Workplace Evolution – stepping into 2024
8th January 2024
The evolving world of work is driven by factors including technological advances, changing social and economic conditions, and shifting employee expectations. As we step into 2024, the winds of change continue to sweep through our workplaces, ushering in a new era of innovation, flexibility and adaptability.
Our team across the globe has been diligently observing and adapting to these changes. Employee wellbeing remains high on the agenda, with a growing emphasis on cultivating a culture of balance and wellbeing, and recognising the importance of a workplace that promotes physical and mental health. With this as a keystone, here we share some of our key insights that are shaping the future of work.
Employee experience driving employee-led choice
The rise of employee experience programmes reflects a significant shift in the way organisations approach their workforce. In today’s competitive job market, attracting top talent, while retaining and engaging their employees is a careful balance. Employee experience programmes go beyond traditional HR practices by focusing on the holistic wellbeing and satisfaction of workers.
In today's competitive job market, attracting top talent, while retaining and engaging their employees is a careful balance.
From flexible work arrangements and wellness initiatives, to professional development opportunities, prioritising the overall experience of employees is seeing companies foster a more positive and productive work environment. This in turn differentiates themselves as employers of choice in a dynamic and ever-evolving business landscape.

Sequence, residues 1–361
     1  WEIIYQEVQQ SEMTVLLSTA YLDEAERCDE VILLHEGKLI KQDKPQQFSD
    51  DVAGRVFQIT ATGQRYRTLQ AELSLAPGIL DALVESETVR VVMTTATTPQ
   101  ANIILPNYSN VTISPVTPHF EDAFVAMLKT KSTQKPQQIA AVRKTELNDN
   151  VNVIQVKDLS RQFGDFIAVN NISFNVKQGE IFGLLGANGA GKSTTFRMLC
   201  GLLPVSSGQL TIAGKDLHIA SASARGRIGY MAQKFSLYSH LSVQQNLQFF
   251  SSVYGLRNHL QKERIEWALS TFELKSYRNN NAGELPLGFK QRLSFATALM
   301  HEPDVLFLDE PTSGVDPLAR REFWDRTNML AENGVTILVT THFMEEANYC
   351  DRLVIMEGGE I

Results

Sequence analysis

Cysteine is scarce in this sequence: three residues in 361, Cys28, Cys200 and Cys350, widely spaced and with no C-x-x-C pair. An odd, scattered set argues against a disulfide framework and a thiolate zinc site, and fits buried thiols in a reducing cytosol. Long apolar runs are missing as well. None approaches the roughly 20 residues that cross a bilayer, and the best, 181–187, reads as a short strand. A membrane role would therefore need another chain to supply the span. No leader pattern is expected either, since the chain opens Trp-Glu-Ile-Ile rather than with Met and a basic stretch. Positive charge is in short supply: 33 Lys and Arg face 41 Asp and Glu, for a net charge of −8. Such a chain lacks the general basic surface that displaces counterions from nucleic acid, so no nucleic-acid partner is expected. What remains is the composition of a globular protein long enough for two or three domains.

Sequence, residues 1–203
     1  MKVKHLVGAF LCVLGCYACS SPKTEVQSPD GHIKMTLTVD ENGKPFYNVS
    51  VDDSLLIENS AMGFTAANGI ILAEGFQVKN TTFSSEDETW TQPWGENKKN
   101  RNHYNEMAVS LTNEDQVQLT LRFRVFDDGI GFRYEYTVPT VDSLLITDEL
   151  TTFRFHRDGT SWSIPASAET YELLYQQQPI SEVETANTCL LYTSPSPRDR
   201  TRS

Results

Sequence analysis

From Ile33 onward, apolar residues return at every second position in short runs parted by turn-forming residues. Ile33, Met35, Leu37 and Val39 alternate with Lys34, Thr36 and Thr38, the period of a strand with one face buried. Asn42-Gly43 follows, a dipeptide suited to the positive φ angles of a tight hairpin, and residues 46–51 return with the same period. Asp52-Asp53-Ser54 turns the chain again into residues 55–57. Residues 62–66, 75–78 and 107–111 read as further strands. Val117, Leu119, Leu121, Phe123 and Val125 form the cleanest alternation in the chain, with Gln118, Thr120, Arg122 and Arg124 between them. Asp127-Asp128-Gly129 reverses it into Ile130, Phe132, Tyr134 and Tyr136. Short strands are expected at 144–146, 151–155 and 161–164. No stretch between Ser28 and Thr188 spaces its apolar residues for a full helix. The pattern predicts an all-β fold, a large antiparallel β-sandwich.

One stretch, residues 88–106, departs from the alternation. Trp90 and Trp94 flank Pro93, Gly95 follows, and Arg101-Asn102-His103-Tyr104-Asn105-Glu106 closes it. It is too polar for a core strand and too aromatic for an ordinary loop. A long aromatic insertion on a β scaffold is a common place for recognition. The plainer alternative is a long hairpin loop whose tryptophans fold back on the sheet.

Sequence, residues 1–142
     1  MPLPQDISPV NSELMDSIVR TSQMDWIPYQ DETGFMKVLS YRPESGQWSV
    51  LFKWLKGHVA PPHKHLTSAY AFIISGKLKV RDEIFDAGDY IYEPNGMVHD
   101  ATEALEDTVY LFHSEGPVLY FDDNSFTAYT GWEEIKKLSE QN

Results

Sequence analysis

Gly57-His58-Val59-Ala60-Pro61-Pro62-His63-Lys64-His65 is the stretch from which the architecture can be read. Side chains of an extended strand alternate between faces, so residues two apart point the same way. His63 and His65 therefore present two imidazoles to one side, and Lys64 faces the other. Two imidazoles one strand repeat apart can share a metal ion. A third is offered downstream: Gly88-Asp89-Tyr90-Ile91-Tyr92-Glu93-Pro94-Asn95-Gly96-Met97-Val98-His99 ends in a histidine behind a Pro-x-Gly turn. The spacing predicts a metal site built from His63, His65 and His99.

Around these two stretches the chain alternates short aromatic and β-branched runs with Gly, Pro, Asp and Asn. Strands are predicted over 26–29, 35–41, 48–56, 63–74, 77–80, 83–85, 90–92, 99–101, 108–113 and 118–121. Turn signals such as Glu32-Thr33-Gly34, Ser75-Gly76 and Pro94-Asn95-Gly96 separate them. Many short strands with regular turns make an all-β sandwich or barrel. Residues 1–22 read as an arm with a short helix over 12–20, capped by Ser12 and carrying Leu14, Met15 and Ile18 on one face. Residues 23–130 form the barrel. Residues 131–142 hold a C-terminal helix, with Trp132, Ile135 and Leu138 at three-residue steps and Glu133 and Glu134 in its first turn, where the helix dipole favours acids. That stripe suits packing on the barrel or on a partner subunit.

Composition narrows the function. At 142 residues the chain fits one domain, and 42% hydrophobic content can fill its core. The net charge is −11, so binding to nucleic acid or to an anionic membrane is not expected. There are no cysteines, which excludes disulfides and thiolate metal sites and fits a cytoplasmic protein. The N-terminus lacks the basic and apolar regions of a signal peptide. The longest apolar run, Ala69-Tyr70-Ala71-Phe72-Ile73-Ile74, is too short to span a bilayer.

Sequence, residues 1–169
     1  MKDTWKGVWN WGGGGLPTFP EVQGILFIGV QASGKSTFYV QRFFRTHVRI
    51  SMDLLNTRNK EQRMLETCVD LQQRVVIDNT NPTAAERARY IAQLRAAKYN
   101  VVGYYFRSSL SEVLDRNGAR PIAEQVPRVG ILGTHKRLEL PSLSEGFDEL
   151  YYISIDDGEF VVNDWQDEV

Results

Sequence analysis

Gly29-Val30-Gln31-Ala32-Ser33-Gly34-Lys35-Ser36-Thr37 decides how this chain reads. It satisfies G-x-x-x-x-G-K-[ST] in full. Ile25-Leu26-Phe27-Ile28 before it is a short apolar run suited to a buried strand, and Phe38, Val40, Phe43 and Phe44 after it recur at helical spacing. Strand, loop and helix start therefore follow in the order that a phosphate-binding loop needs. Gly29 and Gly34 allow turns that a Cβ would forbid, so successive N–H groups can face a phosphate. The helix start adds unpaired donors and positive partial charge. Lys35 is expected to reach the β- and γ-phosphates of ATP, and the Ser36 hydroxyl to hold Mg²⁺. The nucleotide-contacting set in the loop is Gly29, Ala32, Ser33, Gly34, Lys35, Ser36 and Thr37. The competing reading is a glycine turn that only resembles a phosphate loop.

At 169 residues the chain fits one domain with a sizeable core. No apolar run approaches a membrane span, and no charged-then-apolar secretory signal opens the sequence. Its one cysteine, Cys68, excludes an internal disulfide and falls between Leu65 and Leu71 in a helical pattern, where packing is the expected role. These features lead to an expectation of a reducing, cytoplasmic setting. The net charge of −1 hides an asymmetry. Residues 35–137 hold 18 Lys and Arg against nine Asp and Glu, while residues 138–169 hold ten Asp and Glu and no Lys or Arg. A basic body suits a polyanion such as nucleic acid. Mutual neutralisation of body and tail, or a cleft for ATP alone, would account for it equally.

To fully achieve this, there must be investment in the retooling of leaders, giving them a clear structure with which to lead and advise teams effectively. Creating team ‘norms’ and culture that is intentional and transparent will support the implementation of a consistent workplace experience for everyone.
Innovative workplace design: from biophilic to neurodiverse
The way we think about office design has changed. No longer just about open-plan layouts, workspaces are more dynamic, diverse and tailored to employee needs. 2023 saw a surge in demand for versatile spaces that accommodate focused and collaborative work: cosy nooks for individual tasks to flexible meeting areas and easily reconfigured office space that suit a variety of team sizes and projects.
Moreover, workplace design is seeing a remarkable fusion of the natural world with the built environment. A growing emphasis on incorporating nature, biophilic design principles are taking centre stage, where lush greenery, natural lighting, and sustainable materials seamlessly integrate with modern architecture. A workspace that embraces the coexistence of nature and technology has become a hallmark of innovative and forward-thinking office designs, creating an environment that is functional and conducive to inspiration and creativity, all while enhancing employee wellbeing and productivity.
Neurodiversity in design is also gaining traction. This principle promotes universal or inclusive design that benefits everyone, regardless of their cognitive or sensory abilities. Recognising and celebrating the natural variation in neurological abilities and cognitive functioning among individuals, designers are thinking beyond the “average” user and are reimagining office space. These inclusive and accessible designs accommodate different neurological profiles, such as autism, ADHD, dyslexia, and more, for the benefit of all.